So in my last post I discussed the tendency I have to notice less and less of my surroundings the more familiar they are to me. Where I live back home there are birds. There are trees and there are bugs and there are mosses and fungi and flowers. But for most of us, seeing the same bugs and trees and flowers everyday of our entire life means we sort of overlook them. Pine trees? Robins? Azaleas? Whatevs.
A friend of mine just sent me an email recently containing the very first issue of his new one-page newsletter “The Plant Parade.” The goal of this “guerilla botanical promotional campaign” is to educate people about local plants. You know that bush on the corner of your street that you go past everyday? I bet you don’t even know its name! I mean, really, it’s kind of rude. That bush thinks you are a total jerk, you know.
The first time I was at all motivated to learn a bit more about my natural surroundings was when I was living in a small, rural community in the middle of nowhere in Paraguay. All the people there (including little kids) knew the trees and flowers and bugs like the backs of their neighbor’s hands. I’d say like the backs of their own hands, but they actually know their neighbors’ better. In such a small town gossip is pretty much the only form of entertainment and half of the gossip is made up. You end up knowing everybody else’s business better than your own.
These neighbors of mine not only knew who was stealing who’s chickens and who’s brother was courting who’s sister and who’s cousin’s boyfriend got drunk last night – they also knew which tree stump in the middle of the woods had a bee hive living in it and which birds made which sounds and which weeds growing in your front yard could cure a stomach ache. Little kids, and I mean little, knew the names of all the birds and the trees. Realizing a three year old knows more than you do about the world around you is, well, humbling.
Here in the cloudforest of Costa Rica, however, trying to learn the names of everything around you is pretty much impossible. There are more types of trees in the Montverde area than in all of the US and Canada combined. Try starting a “guerilla botanical promotional campaign” about THAT my friends. But everything here is also so new and exciting that it’s hard not to at least try.
Here, in the form of a top 10 list, is my Costa Rican Cloudforest promotional Campaign:
(*disclaimer – I have no idea what I am talking about. Please refer to other sources for more detailed information about these species.)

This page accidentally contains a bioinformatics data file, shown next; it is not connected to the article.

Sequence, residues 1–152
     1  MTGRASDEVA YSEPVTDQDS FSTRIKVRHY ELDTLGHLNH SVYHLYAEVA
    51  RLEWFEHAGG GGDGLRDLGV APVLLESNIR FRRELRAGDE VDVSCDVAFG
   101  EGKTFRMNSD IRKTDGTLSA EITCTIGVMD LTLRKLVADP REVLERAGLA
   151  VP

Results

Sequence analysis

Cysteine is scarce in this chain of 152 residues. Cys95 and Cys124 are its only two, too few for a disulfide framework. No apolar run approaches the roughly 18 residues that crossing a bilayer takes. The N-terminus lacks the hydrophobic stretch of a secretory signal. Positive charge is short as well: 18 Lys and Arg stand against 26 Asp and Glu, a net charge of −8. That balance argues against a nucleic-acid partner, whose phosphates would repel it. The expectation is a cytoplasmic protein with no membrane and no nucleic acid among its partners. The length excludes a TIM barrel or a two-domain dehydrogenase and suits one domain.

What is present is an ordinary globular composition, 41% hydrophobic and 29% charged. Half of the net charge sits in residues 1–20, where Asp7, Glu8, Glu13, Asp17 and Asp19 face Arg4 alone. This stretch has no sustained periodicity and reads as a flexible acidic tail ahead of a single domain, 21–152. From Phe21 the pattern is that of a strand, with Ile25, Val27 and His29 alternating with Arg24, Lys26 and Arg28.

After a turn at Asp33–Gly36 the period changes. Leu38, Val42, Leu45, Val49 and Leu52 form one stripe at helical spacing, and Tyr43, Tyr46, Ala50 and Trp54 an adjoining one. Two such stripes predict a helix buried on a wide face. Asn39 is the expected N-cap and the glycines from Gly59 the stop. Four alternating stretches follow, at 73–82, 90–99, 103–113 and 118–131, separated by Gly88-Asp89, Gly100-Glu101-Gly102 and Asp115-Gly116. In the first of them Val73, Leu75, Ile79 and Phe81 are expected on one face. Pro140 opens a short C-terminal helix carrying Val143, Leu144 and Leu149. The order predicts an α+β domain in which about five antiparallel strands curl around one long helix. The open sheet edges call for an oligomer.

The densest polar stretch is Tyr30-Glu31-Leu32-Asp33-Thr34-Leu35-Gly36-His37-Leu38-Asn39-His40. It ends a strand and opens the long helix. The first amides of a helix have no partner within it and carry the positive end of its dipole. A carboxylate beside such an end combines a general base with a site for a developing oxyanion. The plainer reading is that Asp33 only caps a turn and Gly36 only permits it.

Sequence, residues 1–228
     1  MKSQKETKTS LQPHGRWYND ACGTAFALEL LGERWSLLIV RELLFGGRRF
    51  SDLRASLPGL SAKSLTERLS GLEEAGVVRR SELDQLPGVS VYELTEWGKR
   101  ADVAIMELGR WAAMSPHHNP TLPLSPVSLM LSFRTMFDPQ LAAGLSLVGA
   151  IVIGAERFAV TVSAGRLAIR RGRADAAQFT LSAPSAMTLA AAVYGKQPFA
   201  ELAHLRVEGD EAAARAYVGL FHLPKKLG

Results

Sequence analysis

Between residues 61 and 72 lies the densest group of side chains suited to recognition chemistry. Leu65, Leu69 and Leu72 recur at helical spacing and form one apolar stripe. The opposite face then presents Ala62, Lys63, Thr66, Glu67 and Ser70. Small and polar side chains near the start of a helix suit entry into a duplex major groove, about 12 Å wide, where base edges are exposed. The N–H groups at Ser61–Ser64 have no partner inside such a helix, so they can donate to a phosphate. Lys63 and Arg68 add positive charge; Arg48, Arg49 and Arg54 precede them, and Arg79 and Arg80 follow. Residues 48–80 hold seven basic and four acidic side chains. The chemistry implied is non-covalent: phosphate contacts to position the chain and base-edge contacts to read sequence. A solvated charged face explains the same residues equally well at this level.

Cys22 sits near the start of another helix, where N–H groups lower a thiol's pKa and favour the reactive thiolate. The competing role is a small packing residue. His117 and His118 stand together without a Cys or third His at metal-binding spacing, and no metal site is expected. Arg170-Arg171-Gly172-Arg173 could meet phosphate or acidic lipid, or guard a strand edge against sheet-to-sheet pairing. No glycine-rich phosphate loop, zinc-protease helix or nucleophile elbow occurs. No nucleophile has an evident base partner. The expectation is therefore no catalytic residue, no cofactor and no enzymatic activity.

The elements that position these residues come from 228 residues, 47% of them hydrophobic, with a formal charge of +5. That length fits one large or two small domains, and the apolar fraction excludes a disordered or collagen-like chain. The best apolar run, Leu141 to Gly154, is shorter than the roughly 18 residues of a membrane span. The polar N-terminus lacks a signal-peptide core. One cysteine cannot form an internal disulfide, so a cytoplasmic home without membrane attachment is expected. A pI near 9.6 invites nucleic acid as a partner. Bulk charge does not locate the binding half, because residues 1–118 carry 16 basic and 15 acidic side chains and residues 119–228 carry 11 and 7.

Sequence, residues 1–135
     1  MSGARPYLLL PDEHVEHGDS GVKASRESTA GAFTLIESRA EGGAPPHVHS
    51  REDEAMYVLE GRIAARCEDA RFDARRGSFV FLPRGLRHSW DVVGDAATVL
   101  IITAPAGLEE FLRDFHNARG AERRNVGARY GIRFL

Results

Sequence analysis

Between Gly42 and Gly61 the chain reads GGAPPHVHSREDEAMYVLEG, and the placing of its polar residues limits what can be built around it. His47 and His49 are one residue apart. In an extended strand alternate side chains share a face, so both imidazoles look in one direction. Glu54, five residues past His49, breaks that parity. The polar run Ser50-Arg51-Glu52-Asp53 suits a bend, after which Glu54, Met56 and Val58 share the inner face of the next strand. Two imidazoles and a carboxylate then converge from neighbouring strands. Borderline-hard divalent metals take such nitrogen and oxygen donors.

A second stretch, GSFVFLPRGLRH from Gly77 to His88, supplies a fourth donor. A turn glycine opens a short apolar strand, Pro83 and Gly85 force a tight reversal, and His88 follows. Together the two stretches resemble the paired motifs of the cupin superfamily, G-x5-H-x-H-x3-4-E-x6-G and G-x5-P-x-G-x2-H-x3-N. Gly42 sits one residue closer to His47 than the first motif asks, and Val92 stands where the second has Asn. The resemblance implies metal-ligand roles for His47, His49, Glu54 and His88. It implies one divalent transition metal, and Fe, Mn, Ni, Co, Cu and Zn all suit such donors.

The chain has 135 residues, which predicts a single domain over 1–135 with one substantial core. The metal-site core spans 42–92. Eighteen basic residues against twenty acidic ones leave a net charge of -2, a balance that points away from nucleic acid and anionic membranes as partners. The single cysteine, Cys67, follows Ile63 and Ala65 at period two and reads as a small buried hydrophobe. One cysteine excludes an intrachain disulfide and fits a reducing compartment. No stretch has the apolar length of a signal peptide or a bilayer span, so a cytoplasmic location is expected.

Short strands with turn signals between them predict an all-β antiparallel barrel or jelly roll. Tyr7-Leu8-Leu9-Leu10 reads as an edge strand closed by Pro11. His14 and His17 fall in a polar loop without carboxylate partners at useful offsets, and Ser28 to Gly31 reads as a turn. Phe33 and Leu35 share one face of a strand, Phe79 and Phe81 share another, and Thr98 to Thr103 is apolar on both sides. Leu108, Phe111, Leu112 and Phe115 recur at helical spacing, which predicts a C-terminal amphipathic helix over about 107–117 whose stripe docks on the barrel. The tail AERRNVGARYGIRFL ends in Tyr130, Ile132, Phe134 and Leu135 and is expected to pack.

10. DRAGON’S BLOOD TREE: It’s a tree that literally bleeds red if you cut into it. The sap is used medicinally to treat bug bites and intestinal issues and probably some more stuff I don’t know about.
9. STRANGLING FIG: Another tree. This one grows around the outside of another tree until the first one dies from lack of nutrients leaving this super crazy looking hollow form behind.
8. BROMELIADS: They are everywhere here. Related to the pineapple, they live up in the trees and survive from the little bit of dirt they can find there and the water that they collect when it rains. They have all kinds of bugs and frogs and things that live inside them. They’re like entire little ecosystems and they’re really pretty.
7. AERIAL ROOTS: This place is so damn fertile that trees start growing on top of trees. When they realize they aren’t in the dirt they just say whoops! and send some roots down through the canopy, sometimes for really long distances, down to the ground. It can take years for their roots to actually reach the forest floor. In the meantime they make me want to swing like Tarzan while beating my chest and hollering like a monkey.
6. MONKEYS! : We’ve seen several groups of White faced capuchin monkeys around. I saw one with a baby on her back!
5. ORCHIDS: Are amazing. There are over 500 types of orchids just in the Monteverde area! Which is crazy. There is one that blooms for only one day. One day! And I got to see a few! There is one that is super, super tiny – like half the size of a pea. I got to see that one too, but only because our guide knew where it was. I would never have noticed it on my own.
4. PARAKEETS: There is a tree down the hill from my ‘cabina’ that fills with parakeets several times a day. Parakeets apparently mate for life and this tree is like a regular pay-by-the-hour motel. There are probably about 20 pairs of parakeets, each occupying its own branch, snuggling and nuzzling and cooing and squawking. It’s super romantic.
3. COYOTES: The other morning I was walking through the woods alone on my way to breakfast and I heard a rustle in the bushes. I crept up on the sound and all of a sudden out jumped a fairly large, four-legged animal. It landed about a foot from my face and needless to say we were both scared shitless. He froze for a fraction of a second and then took off running impressively fast, so fast it was hard to tell what he looked like. I went to breakfast and told everyone about the stray dog that scared me silly. A few days later I found out that a coyote was spotted around campus the same day. So, good thing it didn’t eat me.
2. AGOUTI: There are all these crazy rodents running around campus. They are kind of cute and I think I want one as a pet. I want to take it for walks and give it hugs.
1. QUETZAL: We went on a hike in the Monteverde Reserve and were lucky enough to spot a male quetzal. Otherwise known as the resplendent quetzal. And it is. Resplendent. It is blue and green and every color in between. It has a tail like Rapunzel’s hair. (It inspires poetry.) When our guide spotted it he and everyone else got so excited that I got teary eyed. I had to turn my back so no one would see that the quetzal made me cry.
And there you have it folks. It's a beautiful place. Who wants to come visit?!?